The museum will attract at least 2.5 million visitors per year. I am sure that many additional visitors will come to this country, no doubt for the first time, to see that great building and the works it contains. The cost of the whole venture is £134 million. I am pleased to state publicly for the first time that we have now raised £120 million; there is just £14 million to go. I am confident that that sum will be raised by the end of the year. The museum is due to open next year. It is on time and on budget. I believe that it will be an achievement of which we can all be very proud.

Noble Lords may think that if all is going so well with the project, why have I risen to speak about it? Perhaps to boast about it, yes, but there is, unfortunately, a problem. That problem is not in the construction of the museum but will start from the day it opens. From that day onwards it will be faced with financial problems. The museum does not intend to charge admission fees. That is the Government's policy but it is also the policy of these Benches. We believe that free entry to museums is very desirable. The museum will raise revenue from its restaurants and bookstall, but that will be insufficient to cover the cost of employing the 100 or so people (at least) who will be required. Therefore, from day one the museum will begin to incur a deficit. That is a real problem. The deficit in the first year will probably be between £5 million and £6 million. We are naturally hoping that the Government can find the extra money to cover that—in which case our position will not be too bad—but we cannot be certain that they will.

I turn from the particular to the general. There are several hundred lottery-funded arts projects across the country—some from the millennium fund and some from the arts fund—which, from the moment they open, will run at a significant loss. I am concerned that no attention has been paid to that issue. The regulations of various boards entitle them to provide endowment funds for such new projects. They have chosen to do so, as far as I can understand, on only one occasion. Although the boards of the arts fund and the millennium fund have done a very good job, nevertheless, I think they are guilty of having used all the money and spread it too thinly to cover as many projects as possible, rather than ensuring that the key projects are sufficiently funded to cover their operating costs. When many of those projects open next year, the Government will be faced with immediate demands for between £100 million and £150 million to ensure that they do not lose money.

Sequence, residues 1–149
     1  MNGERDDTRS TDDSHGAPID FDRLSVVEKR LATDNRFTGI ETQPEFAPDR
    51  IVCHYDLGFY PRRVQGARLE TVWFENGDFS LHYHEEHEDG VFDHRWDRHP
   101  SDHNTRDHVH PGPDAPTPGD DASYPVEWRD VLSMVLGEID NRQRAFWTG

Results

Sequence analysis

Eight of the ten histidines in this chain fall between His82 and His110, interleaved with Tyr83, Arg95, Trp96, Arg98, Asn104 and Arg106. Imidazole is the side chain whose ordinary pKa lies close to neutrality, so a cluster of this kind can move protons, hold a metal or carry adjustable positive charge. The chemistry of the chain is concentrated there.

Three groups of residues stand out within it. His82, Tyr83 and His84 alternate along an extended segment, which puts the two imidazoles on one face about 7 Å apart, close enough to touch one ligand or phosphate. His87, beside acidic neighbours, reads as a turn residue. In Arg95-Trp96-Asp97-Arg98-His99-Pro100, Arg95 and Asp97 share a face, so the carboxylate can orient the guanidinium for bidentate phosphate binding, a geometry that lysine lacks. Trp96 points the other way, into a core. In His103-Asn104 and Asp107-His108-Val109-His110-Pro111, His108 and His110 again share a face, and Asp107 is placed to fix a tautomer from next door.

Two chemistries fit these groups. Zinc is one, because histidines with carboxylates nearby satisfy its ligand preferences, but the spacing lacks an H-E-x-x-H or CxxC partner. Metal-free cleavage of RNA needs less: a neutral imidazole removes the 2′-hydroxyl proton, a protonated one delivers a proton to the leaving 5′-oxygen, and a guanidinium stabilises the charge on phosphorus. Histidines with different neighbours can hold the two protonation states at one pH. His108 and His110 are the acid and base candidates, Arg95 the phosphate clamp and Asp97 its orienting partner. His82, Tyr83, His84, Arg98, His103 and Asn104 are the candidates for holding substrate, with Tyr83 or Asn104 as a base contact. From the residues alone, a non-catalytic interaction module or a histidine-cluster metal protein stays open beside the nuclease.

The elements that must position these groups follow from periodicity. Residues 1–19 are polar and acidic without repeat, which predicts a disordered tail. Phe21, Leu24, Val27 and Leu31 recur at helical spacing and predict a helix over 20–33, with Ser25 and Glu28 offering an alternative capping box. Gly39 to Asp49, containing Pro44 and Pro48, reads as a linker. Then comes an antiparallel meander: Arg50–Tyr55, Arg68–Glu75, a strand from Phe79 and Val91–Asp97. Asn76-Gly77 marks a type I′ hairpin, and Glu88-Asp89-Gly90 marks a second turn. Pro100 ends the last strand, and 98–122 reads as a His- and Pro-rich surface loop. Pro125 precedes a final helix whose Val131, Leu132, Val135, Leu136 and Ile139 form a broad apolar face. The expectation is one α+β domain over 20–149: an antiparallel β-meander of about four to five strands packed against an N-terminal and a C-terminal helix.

Finally, I have two questions for the Minister. That seems to be the appropriate number. First, is it possible for the Government to approach the arts board and the millennium board and ask them at least to investigate all the projects they have approved to ascertain the likely level of profit, break-even or loss? The Government could then at least have some understanding, ahead of time, of the financial burden involved.

Secondly, could the Government also discuss with the two boards the question of whether some of the unused funds could be applied to provide endowments and foundations? While it is nice to have more and more new projects, the fact is that hundreds of loss-making projects would be a burden round the country's neck and certainly round the Government's neck.

3.46 p.m.

My Lords, I welcome this debate initiated by my noble friend Lord Freyberg, but in echoing a call for change in the way the arts in this country are governed and managed I might well be accused of sour grapes. Some of your Lordships may recall that in 1993, having served for nearly eight years, I resigned from the Arts Council and as chairman of its drama panel in protest at the council's self-imposed cuts in drama and the increasing erosion of the so-called "arm' s-length principle" which is an oxymoron for he who pays the piper calls the tune, and the calls from successive Ministers were becoming increasingly audible. Frankly, I do not find that particularly surprising or altogether objectionable. Indeed, we of the drama panel became the villains of the piece as far as the Royal National Theatre and the RSC were concerned. We imposed strict limits, sometimes standstills, on their annual grants, attempting thereby to provide sufficient funds to obtain local authority matching grants, thus sustaining our regional theatres, while at the same time offering help to our smaller, innovative and new writing companies. It was a delicate balancing act, with Sir Peter Hall and others concerned with our national theatres constantly calling for direct government funding and, frankly, I could not blame them. Nevertheless, I was not too unhappy when I finally left 14 Great Peter Street.